Sampling schedule for 14 SCID-X1 gene-corrected subjects studied for integration site distributions and TCRB CDR3 sequence composition. a Times of sample acquisition after cell infusion. b Population sizes of inferred progenitor cells deduced from marking with unique sites of vector integration. Integration site data is in Additional file 1: Table S2, and summaries of genes near sites of vector integration are in Additional file 2: Figure S1. The x-axis shows the time since cell infusion. The y-axis shows the population size reconstructed using Chao1 from the numbers of unique integration sites and replicate sampling. Samples are named for the site of gene correction (U indicates USA, F indicates France; the next digit indicates the trial 1 = SCIDn1, 2 = SCIDn2, and the next two digits indicate the patient number within that trial). Patients F107 and F110 suffered severe adverse events at months 68 and 33, respectively. Both recovered by the final timepoints listed

Vector integration sites and the T cell repertoire were monitored through regular per-protocol blood draws, followed by isolation of CD3+ populations. Sorted cells were subject to DNA extraction and then amplification of either integration sites (mostly previously reported in [8, 19, 25]; Additional file 1: Table S2) or mature TCR-beta loci (Additional file 1: Table S3; new data here), followed by sequencing. Vector integration sites mark progenitor cells capable of differentiating into mature peripheral T cells. Rearranged TCR-beta loci identify mature T cells present in the blood. Time points from the integration site analysis were chosen to match those used in the TCR analysis—characterization of additional time points for integration site distributions in SCID-X1 gene therapy was published previously [8, 18, 19, 33, 4951].

Microbiome samples were available for six SCIDn2 patients (U201, U203, U204, U205, U207, and F201). Oral, nasal, and gut microbiota were sampled via collection of oropharyngeal swabs, nasopharyngeal swabs, and stool samples. Sampling times ranged from 4 to 181 months post infusion of corrected cells. Sample acquisition was at times limited by clinical and practical considerations.

As controls, we analyzed TCR-beta sequences from CD3+ cells from five healthy children and three healthy adults after informed consent. Healthy subject demographics are in Additional file 1: Table S1. Cross-sectional microbiome samples were collected from the same subjects and analyzed along with the SCID gene-corrected samples.

Integration site analysis

To characterize the hematopoietic progenitor cells capable of differentiating into peripheral blood T cells, we determined the sites of vector integration in patient chromosomes. Because of the large size of the human genome, each integration site uniquely marks a precursor cell capable of additional division after integration of the vector. Summaries of genes near integration sites in the most expanded clones at each time point are in Additional file 2, Figure S1. The numbers of integration sites detected in purified T cell samples ranged widely, from as few as 62 to as many as 2009. Reconstruction of population sizes using the Chao1 estimator suggested minimal sizes of 144 to 6018 active progenitors.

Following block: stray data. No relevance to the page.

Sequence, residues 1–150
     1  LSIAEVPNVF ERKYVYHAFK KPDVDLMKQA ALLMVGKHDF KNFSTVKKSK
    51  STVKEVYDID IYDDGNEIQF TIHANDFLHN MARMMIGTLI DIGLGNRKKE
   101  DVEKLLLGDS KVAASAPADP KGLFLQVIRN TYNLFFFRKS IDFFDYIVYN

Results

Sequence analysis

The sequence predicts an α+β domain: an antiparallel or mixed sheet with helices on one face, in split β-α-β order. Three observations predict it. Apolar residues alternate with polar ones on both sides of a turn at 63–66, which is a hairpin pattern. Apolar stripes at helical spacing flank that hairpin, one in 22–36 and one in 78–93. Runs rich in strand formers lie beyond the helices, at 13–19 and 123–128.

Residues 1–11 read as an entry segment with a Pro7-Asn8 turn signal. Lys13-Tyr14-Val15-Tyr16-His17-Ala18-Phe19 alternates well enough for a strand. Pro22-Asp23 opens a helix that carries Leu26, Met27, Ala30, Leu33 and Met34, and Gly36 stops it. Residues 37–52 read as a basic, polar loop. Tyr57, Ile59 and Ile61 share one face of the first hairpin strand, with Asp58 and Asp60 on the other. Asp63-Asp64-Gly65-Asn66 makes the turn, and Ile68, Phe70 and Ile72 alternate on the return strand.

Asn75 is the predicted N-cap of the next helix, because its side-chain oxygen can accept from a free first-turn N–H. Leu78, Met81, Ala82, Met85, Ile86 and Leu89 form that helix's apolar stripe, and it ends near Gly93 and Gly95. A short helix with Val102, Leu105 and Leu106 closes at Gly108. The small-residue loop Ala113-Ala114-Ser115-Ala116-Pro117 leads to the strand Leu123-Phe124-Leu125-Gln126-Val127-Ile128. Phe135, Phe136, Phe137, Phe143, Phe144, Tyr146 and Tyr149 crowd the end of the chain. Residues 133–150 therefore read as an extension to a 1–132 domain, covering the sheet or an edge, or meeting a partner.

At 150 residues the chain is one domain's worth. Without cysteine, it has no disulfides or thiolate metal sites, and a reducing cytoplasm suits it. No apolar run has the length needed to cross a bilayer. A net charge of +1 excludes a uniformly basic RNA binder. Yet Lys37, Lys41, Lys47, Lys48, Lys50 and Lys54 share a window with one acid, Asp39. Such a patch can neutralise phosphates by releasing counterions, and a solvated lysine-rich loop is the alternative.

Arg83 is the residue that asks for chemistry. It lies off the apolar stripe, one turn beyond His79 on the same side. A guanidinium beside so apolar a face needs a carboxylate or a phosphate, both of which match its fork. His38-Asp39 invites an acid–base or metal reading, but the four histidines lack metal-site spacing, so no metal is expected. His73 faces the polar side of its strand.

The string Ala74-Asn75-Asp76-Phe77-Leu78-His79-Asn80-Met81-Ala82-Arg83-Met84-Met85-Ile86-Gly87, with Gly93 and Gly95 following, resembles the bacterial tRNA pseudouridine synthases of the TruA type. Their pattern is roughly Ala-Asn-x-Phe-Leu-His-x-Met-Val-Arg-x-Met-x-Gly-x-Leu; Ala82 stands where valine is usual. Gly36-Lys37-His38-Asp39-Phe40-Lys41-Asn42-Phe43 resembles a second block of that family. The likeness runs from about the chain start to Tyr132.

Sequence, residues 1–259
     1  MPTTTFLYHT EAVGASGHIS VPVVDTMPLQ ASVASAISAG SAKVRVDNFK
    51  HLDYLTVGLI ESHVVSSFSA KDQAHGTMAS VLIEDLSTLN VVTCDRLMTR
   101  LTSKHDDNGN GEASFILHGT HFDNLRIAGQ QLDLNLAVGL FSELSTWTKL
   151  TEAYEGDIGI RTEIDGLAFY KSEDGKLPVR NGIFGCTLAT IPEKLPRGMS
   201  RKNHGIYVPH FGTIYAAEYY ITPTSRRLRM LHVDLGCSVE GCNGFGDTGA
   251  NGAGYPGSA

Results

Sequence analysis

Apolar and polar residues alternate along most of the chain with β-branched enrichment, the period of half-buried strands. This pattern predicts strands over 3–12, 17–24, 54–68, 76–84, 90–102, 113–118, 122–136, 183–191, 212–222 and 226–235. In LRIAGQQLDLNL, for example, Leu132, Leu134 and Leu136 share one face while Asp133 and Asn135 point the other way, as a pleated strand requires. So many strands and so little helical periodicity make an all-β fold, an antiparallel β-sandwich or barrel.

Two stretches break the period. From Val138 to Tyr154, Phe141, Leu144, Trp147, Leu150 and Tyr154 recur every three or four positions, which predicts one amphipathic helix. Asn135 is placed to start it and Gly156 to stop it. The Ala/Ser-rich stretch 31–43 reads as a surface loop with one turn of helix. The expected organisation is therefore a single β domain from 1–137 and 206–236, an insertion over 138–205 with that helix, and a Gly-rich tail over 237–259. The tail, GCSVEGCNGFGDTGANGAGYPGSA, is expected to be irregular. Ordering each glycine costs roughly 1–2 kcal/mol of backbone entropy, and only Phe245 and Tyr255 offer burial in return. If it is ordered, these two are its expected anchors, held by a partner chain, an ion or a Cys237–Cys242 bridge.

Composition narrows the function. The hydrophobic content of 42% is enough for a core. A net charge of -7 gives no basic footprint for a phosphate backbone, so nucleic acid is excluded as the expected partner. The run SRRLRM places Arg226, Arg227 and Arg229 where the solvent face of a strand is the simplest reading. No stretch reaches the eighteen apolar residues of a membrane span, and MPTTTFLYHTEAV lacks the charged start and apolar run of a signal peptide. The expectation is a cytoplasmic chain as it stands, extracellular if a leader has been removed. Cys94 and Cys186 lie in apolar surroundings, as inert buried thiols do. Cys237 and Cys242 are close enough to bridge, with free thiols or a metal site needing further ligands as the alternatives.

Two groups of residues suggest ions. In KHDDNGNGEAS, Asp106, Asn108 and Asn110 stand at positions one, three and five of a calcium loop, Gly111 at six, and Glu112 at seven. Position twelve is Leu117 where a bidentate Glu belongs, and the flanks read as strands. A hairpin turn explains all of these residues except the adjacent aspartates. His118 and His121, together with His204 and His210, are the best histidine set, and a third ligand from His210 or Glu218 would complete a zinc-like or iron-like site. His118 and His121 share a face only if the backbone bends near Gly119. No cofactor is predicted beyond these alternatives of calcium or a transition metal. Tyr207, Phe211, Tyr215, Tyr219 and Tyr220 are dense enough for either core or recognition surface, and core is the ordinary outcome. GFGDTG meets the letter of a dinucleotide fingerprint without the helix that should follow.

For the SCIDn2 subjects, we found that the estimated total number of vector integration sites was relatively constant over the time intervals analyzed (Fig. 1b), in the range of ~ 1000 predominant clones yielding circulating cells (Additional file 1: Table S2). Numbers varied by subject, with subject U203 showing consistently higher levels, while U205, a subject in which a suboptimal number of gene-modified cells were delivered, showing consistently lower levels.

For the SCIDn1 subjects, numbers of unique sites identified varied from 263 to 682; reconstructed minimal population sizes ranged from 628 to 1287. Comparison of mean values shows no difference in the numbers of unique integration sites in SCIDn2 subjects compared to SCIDn1 subjects (p = 0.17, Wilcoxon rank-sum test).

Population sizes of progenitors were compared between SCIDn1 subjects who suffered adverse events and were treated with chemotherapy (F107, F110) versus those who did not (F102, F106), or versus SCIDn2 subjects. Treating time points as independent tests, no systematic differences were detected comparing within SCIDn1 subjects; a modest difference in median values was detected with a comparison of adverse events versus no adverse events (adverse event samples compared to pooled SCIDn1 and 2; p = 0.041, Wilcoxon rank-sum test). Thus, the data suggest that adverse events and chemotherapy may have diminished the pool size, though we note that these subjects were also at relatively long times after gene therapy, so slow loss of diversity over time is a potential alternative explanation.

TCR-beta CDR3 analysis